The difference between a good athlete and a memorable one often lies in the ineffable. Rabil processed the game on a higher intellectual plane than his opponents, Cordish says. In college, Doneger recalls, Rabil hated to lose at anything—a practice game, pickup hoops, even FIFA on PlayStation.

What happened if he lost a video game?

Doneger pauses.

"Let's just say we had backup controllers on standby."

No one was safe from Rabil's will to win. "I played to kill," he says. He intimidated opponents to gain an edge, grabbed teammates by the collar to make sure he was heard. Free time and relationships became casualties. That drive, Rabil admits, led him to therapy.

Some of that fire came from within. At Johns Hopkins, all those smart students compelled Rabil to work harder. "Being an overachiever is probably one of the best things someone can call you," Rabil says. "It's also a very self-aware and humble place to live in." Yet, he concedes, he still battles impostor syndrome regularly. "If you don't feel that way," he reasons, "you're probably going to slip up."

"If he doesn't know something, it's pretty clear the next time you talk to him that he went out and not only did he do his homework, but he tries to know more than you do on something that you've worked on for 20 years," says Dan Margulis, senior director of programming and acquisitions at ESPN. "Which keeps you on your toes."

Doneger sat through league meetings with Mike and Paul; he insists they aren't doing corporate cosplay. They have answers for every question. They know their message. They are unafraid to voice their opinions or take criticism from powerful people in their natural habitat. The league's size, Margulis says, allows the brothers to anticipate and react to changes with a speed the big sports leagues can't match. Can we put a camera in a different location? No problem. Can this rule be changed? Sure. It also allows for a more personal relationship.

"The word that is constant and consistent is energy," Margulis says. "And they bring it, and they force you to bring that energy back. If you're half-assing it and you're dealing with them, it'll show pretty quickly. They can sniff it out."

Rabil believes if you understand your "unique skill" and nourish it, that will become your passion. He did that as a player. He has done that with this league. During the ragged days captured in Fate of a Sport, Rabil made call after call to players from Major League Lacrosse to join him with the resolve of a salesperson facing eviction. Mike Rabil says his brother's competitiveness and ambition push other people. But that goes only so far. The PLL could become too big for them to run. They want that. It means lacrosse can become generational. It means the sport will thrive. It means kids who want to make lacrosse a career can get paid millions of dollars. It means the sport can inspire, motivate, and influence, not just entertain.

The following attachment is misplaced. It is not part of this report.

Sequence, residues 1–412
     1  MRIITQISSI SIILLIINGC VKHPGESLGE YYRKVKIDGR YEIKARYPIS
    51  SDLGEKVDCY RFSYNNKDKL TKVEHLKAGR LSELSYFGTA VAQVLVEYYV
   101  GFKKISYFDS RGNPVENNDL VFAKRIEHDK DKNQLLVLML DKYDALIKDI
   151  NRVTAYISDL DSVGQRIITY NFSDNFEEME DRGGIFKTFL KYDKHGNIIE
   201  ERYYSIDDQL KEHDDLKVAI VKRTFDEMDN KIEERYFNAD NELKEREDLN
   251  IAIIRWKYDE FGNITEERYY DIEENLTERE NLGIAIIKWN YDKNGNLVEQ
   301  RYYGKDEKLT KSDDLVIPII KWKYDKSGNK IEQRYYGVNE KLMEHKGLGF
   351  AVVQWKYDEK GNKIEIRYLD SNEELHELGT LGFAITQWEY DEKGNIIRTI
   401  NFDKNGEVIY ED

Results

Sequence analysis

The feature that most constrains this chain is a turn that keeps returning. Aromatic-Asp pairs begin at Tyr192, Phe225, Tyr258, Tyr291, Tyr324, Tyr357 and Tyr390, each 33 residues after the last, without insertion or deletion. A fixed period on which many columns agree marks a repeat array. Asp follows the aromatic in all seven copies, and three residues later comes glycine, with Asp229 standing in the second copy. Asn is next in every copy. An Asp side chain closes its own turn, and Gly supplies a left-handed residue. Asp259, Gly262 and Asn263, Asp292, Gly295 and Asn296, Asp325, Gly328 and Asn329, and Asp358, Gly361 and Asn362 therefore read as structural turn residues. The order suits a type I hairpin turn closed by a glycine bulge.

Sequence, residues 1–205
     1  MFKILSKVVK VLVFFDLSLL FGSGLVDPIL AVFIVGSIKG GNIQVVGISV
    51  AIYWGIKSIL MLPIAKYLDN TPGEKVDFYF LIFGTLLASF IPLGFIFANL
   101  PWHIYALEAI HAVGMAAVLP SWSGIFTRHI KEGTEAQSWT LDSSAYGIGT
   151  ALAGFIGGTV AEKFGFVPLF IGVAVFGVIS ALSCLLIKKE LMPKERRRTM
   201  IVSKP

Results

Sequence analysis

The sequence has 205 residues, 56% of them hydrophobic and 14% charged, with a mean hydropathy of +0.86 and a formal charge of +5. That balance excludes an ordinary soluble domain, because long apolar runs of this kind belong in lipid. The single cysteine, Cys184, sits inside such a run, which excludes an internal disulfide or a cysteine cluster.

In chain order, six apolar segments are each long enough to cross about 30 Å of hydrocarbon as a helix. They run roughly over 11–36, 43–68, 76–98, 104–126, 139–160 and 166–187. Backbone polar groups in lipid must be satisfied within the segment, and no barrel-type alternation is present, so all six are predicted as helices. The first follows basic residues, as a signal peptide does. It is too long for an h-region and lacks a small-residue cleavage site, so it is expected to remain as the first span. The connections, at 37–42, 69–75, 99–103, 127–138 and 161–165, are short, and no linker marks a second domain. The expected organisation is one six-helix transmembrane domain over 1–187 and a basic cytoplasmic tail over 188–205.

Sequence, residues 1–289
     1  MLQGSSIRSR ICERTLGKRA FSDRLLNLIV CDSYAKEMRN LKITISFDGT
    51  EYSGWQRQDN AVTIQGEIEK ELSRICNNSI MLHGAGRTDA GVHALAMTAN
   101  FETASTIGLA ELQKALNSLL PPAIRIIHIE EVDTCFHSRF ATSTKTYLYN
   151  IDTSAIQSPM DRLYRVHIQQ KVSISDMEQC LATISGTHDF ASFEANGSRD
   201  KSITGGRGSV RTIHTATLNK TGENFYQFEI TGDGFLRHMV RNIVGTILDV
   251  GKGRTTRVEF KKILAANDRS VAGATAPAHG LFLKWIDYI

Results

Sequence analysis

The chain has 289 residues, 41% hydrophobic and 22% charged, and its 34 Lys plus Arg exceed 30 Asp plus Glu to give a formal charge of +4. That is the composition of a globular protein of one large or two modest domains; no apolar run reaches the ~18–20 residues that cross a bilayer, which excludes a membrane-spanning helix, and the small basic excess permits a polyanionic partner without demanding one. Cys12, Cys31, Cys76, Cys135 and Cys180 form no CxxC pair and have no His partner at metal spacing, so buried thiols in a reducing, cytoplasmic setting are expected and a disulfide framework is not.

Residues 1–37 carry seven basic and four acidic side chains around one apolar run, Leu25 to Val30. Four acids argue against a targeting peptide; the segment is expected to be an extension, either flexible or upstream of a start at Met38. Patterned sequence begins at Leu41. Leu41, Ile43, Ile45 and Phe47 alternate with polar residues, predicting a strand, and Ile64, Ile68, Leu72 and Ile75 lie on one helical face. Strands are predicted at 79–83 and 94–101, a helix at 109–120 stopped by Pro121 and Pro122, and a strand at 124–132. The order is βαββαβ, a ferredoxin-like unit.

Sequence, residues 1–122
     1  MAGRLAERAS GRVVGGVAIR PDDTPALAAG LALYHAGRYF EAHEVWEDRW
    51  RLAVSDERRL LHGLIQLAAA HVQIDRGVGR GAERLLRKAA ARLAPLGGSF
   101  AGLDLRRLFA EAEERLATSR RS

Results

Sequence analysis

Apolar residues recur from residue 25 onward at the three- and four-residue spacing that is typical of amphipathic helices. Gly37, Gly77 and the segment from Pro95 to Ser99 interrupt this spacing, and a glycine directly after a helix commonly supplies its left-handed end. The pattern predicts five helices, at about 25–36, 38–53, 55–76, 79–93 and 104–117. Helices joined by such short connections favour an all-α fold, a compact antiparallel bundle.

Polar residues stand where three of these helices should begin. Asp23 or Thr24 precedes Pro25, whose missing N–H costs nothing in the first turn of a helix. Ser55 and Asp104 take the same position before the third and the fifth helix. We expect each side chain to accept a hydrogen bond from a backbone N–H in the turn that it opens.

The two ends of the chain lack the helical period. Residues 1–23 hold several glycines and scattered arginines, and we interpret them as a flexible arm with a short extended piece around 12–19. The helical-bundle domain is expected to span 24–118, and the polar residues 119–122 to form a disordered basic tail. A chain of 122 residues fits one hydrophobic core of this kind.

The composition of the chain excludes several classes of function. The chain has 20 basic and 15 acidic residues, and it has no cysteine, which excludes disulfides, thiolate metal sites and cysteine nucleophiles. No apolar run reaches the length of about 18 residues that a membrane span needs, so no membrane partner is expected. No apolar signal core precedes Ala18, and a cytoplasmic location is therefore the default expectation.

It also means Paul Rabil will get further away from the game he met as a sixth grader in Montgomery Village, Maryland. Growing up, he played organized sports and whatever game was in the neighborhood—roller hockey, tackle football. "Our means of gathering was over sport," he says. Rabil fell in love with lacrosse slowly and inexorably, leaving swimming, soccer, and basketball behind. What made retirement easier, he says, was that he allowed himself years before his last game to recognize that lacrosse was not his identity. Lacrosse is what he did, not who he is. But as long as he can move, he'll stay connected to the game. Whipping a ball into an empty net is enough.

"The state of being on the field with a stick, a ball, and a net and being able to live in that present state of being," Rabil says, "is where I'll continue to find that peace."

Paul! Rabil! Paul Rabil!

The championship game, a frenetic contest, is over: Waterdogs, 11, Chaos, 9. Paul Rabil wanders through the field of revelers.

"It was fun, right?" Rabil asks an acquaintance on the field. He sounds exhausted. Mike is more upbeat. "Today was great," he says. A single-game attendance record was set, and a new champion was crowned. Rabil can exhale. His white dress shirt is almost translucent, drenched in champagne and sweat following the trophy presentation.

As a player, Rabil saw the angles others missed. When it comes to those restorative breaths, he's the same way. The day before, he took 20 minutes to shoot at an empty net and grab that contentment before driving to Baltimore, where he was enshrined in the Johns Hopkins University Athletic Hall of Fame. Now, another opportunity emerges. He heads to the Chaos' goal and with a pair of scissors, cuts out a swath of net. He stuffs it in his pants pocket. It's a moment of solitude that belongs just to him before he heads into the stadium and faces the maw of screaming admirers as Paul Rabil!

Pete Croatto is a sports writer and author of From Hang Time to Prime Time: Business, Entertainment, and the Birth of the Modern-Day NBA.